Black Bottom refers to a dance which became popular in the 1920s, during the period known as the Flapper era.
The dance originated in New Orleans in the first decade of the 20th century. The theatrical show Dinah brought the Black Bottom dance to New York in 1924, and the George White's Scandals featured it at the Apollo Theater in Harlem 1926 through 1927 where it was introduced by dancer Ann Pennington. Jelly Roll Morton, jazz player and composer, wrote the tune "Black Bottom Stomp" with its name referring to Detroit's Black Bottom area. The dance became a sensation and ended up overtaking the popularity of the Charleston, eventually becoming the number one social dance.
"The Original Black Bottom Dance" was printed in 1919. It came from an earlier dance called "Jacksonville Rounders' Dance" printed in 1907. The word "Rounder" was a synonym for "pimp." Both "dance-songs" were written by black pianist, composer and dancer Perry Bradford and were based on a dance done in Jacksonville, Florida "way back." One professional dancer stated, "That dance is as old as the hills." The dance was well known among semi-rural blacks across the South. A similar dance with many variations had been commonly used in tent show performances, and "Bradford and Jeanette" had used it as a finale. The dance was featured in the Harlem show Dinah in 1924, and then "The Scandals of 1926," whereupon it became a national craze.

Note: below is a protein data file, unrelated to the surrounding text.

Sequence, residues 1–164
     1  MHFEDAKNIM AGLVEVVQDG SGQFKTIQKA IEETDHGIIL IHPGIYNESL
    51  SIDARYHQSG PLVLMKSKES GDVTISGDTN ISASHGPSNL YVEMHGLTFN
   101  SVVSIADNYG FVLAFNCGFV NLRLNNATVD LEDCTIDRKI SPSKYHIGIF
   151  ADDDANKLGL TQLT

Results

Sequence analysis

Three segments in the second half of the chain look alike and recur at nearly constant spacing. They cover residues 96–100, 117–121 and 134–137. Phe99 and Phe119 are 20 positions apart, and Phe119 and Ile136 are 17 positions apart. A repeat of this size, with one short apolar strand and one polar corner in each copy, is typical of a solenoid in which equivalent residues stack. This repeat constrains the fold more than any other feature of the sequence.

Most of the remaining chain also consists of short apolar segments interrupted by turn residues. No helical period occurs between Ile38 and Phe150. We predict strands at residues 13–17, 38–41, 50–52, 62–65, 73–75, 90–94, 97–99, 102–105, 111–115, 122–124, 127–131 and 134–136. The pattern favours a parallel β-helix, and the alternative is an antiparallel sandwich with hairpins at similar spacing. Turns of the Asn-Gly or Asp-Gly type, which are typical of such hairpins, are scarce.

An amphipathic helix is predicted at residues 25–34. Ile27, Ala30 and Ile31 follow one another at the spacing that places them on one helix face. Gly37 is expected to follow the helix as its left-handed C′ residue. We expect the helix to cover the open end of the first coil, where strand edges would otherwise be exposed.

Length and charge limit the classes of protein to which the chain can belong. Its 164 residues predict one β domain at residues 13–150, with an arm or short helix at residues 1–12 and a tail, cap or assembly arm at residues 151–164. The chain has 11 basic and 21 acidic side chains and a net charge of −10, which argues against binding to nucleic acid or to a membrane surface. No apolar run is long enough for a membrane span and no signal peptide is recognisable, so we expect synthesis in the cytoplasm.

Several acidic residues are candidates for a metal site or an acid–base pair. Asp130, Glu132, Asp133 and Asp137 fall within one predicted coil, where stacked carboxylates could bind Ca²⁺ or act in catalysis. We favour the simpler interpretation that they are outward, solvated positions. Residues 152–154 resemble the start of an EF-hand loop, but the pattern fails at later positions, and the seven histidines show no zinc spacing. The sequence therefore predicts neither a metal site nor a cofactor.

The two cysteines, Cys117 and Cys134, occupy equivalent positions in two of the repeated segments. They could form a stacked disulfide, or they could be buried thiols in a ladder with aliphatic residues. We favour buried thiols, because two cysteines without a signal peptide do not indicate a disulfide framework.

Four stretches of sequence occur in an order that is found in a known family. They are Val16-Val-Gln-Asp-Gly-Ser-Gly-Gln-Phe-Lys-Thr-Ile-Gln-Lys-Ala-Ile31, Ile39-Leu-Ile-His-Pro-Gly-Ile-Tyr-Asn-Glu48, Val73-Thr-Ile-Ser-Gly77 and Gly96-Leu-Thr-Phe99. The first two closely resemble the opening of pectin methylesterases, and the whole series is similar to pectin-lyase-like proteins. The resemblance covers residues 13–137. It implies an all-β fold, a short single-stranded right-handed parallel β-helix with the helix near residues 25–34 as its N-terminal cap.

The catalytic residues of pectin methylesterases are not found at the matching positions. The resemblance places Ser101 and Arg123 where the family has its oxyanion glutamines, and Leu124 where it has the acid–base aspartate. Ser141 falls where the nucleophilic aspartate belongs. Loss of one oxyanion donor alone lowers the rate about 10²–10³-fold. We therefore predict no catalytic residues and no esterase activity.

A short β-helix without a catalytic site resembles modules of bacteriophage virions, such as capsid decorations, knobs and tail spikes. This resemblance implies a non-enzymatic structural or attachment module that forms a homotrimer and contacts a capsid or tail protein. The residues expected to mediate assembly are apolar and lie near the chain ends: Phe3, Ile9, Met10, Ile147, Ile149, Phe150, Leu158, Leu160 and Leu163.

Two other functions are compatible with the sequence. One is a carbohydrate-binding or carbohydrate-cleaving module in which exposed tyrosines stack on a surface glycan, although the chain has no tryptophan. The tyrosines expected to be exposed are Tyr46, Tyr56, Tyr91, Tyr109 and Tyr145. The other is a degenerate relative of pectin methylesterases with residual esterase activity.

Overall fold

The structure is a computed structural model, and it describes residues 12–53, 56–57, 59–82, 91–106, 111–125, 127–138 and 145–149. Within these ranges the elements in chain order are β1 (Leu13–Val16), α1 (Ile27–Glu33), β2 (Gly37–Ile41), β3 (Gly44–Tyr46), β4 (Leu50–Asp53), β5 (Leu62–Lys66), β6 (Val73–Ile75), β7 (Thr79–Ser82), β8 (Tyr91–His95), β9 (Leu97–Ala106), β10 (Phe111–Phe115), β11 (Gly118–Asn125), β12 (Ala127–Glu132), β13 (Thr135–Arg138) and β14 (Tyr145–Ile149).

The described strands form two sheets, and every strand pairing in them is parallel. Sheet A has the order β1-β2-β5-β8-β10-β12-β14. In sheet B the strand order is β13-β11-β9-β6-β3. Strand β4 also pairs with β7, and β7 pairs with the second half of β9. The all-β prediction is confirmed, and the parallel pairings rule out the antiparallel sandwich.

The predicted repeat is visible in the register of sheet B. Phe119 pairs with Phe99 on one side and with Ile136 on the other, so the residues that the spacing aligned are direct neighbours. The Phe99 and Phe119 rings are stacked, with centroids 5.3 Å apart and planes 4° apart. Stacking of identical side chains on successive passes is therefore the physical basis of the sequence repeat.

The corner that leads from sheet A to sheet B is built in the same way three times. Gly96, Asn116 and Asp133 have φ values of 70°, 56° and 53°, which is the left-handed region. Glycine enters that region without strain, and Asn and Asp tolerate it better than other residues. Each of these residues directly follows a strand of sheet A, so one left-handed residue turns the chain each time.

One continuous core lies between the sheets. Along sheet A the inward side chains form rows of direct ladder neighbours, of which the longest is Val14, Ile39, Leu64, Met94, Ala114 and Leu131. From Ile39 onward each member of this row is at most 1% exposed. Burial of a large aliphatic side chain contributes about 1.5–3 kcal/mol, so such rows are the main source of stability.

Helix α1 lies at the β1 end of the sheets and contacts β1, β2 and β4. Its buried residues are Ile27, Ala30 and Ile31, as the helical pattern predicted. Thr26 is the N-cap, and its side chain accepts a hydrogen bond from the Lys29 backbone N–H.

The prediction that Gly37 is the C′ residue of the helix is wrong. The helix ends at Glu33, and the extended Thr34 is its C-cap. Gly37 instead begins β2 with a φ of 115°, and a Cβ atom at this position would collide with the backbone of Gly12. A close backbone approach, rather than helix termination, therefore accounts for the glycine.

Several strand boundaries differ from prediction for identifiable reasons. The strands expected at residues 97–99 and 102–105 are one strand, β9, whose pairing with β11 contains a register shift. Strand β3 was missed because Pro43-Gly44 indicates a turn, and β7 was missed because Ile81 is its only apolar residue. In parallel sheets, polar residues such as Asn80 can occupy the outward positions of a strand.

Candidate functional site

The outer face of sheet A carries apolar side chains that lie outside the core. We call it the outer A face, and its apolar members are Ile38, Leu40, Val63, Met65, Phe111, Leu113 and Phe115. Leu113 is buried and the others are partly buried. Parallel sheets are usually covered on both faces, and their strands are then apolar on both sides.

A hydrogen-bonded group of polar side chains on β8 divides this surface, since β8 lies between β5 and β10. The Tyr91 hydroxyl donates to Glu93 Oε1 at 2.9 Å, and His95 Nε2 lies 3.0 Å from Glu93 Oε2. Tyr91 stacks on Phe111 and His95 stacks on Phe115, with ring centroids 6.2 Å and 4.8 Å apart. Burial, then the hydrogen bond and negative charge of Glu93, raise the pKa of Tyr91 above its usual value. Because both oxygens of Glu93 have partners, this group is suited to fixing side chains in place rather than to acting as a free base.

Hop down front then Doodle back, (Doodle means slide)
Mooch to your left then Mooch to the right
Hands on your hips and do the Mess Around,
Break a Leg until you're near the ground (Break a Leg is a hobbling step)
Now that's the Old Black Bottom Dance
Instructions for the Mooch are "Shuffle forward with both feet. Hips go first, then feet."
The rhythm of the Black Bottom is based on the Charleston.
"Ma Rainey's Black Bottom" is a song by Ma Rainey which makes obvious allusions rather than being dance music. The title Ma Rainey's Black Bottom was used for a 1982 play by August Wilson, showing the exploits and experiences of African-Americans.
The comedy musician Spike Jones who became popular in the 1940s performed a jaunty cover of the "Black Bottom." His version released on 78 RPM records repeated a single measure of a piano solo in the middle of the song several times, each time continuing with a loud "crack!" as a joke to make the record sound broken.
Jazz Dance: The Story of American Vernacular Dance By Marshall Winslow Stearns, Jean Stearns Contributor Brenda Bufalino 1994 Da Capo Press page 110-111 ISBN 0-306-80553-7